PODCASTS / E43
APR. 1, 2021
Welcome to episode 43, Your Product Isn’t Done…Sorry. Actually, I’m not sorry. Your product just launched? Great. Unlikely it’s really fully baked. It’s NOT because most of you are new to CPG. This is not another grey hair on the digital airwaves patronizing the newbs. That would be way too simple. And mean.
So why do I have such a strong opinion? Research. And one other thing.
I used to participate in gargantuan product development efforts at Big companies. Often 3 years long, they would begin with almost academic levels of contextual research, concept screening, iterating, tweaking…all before one lousy product had even been made in their ginormous factories, let alone consumed by a real human being.
At BigCo, the emphasis is on the politics of the launch as much as its potential business value. Everyone wants a trail of consultants, decks and forecasts to justify the launch and to get everyone off the hook, when it fails to sustain any scale or fails to scale at all. The latter is the case most of the time in part because the forecasting tools are calibrated to yesterday’s mainstream offerings, leading to totally non-incremental, dull, not memorable replacements of existing product experiences, consumer boredom and little repeat purchase. Like 10% or lesson an annual basis.
So much for market research and forecasting. Most of the time.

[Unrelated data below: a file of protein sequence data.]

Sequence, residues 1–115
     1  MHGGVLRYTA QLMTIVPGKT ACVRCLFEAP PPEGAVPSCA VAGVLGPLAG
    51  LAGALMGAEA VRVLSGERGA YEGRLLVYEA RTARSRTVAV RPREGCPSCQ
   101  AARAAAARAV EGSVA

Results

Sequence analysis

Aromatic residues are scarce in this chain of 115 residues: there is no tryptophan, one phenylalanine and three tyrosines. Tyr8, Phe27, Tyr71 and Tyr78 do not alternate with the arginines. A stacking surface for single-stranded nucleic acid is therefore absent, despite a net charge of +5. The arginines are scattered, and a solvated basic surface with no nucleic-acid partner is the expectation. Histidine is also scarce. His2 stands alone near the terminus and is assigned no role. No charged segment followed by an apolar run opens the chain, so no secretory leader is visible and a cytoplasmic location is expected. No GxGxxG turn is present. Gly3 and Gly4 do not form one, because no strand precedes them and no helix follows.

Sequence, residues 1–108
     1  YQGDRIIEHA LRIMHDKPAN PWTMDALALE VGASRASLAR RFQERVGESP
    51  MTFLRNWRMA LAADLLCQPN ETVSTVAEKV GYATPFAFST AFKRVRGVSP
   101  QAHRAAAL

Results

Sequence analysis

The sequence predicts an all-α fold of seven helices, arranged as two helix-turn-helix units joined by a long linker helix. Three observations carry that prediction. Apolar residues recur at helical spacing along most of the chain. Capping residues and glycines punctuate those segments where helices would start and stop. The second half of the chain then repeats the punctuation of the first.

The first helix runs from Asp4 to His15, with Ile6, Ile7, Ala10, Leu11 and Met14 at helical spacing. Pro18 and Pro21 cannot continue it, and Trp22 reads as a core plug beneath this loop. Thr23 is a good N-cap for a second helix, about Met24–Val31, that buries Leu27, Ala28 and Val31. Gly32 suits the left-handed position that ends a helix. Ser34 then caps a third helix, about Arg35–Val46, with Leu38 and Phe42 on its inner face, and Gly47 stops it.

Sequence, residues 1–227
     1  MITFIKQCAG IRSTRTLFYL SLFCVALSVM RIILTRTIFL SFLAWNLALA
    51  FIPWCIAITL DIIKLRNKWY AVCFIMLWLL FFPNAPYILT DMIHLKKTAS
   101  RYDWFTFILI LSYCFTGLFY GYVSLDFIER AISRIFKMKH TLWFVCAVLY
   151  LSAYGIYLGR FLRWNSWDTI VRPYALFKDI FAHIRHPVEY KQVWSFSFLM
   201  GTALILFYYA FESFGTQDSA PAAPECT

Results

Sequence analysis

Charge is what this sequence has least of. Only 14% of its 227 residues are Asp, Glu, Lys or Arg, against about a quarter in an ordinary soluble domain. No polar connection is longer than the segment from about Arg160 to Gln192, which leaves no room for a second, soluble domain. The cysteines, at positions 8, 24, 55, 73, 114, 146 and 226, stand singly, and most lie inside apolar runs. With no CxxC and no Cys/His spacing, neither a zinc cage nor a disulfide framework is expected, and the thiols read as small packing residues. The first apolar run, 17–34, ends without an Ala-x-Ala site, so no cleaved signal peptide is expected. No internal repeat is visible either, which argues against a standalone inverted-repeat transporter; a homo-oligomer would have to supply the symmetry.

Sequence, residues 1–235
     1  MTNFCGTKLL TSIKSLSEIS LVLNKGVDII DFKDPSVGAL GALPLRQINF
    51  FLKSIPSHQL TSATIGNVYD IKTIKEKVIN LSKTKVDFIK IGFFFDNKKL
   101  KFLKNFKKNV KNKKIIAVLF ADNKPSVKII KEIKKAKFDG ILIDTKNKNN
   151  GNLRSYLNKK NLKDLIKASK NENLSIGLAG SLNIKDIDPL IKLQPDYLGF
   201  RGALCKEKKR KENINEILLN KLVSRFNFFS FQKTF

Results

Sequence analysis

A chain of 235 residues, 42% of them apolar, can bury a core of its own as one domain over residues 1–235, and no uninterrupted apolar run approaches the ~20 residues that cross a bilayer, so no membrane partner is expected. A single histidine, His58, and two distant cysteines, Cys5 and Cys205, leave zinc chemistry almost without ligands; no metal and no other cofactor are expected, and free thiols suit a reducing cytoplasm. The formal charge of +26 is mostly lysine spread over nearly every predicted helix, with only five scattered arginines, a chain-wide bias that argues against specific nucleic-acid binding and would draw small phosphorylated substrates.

The advantage that CPG entrepreneurs have is that they designed their innovation for a known behavioral niche in which they actively participate right now. That niche is the product of combining emerging attributes with a category they haven’t appeared in yet. Intuition from inside the niche guides the successful entrepreneur, not market research. You are not a bureaucrat more concerned about furthering your career with a conservative idea more likely to succeed than satisfying the end consumer with meaningful innovation.
The mystery that you the founder have NOT likely figured out at launch is how to communicate your innovation with a) the right consumer audience to generate cash efficient sales early on and b) the audience(s) that can help scale the business later on.
The likelihood that you’ve figured out the second audience at launch is super remote, let alone how the brand identity should be setup or pivoted to garner their attention. You are also unlikely to be able to see the boring ‘outcomes’ that matter to the audience that will scale your business and be able to fine tune the symbolism or storytelling required to maximize memorability and trial from the right consumers.
Often, I see founders jump to a rebrand due to poor business performance without doing their homework on their end consumer. Often, the most valuable consumers have looked past your messed up symbolism and communications and figured out your offering BEFORE YOU HAVE. This may or may not be reflected in your overall sales performance. This was the case for Chobani, Krave, Siggi’s, KIND and so many other Skate Ramp brands that, unlike SKiNNYPOP, were NOT automatically accepted up front as genius ideas. Consumers figured it out ahead of all the analysts though. You have to reach out and tap what they’ve figured out.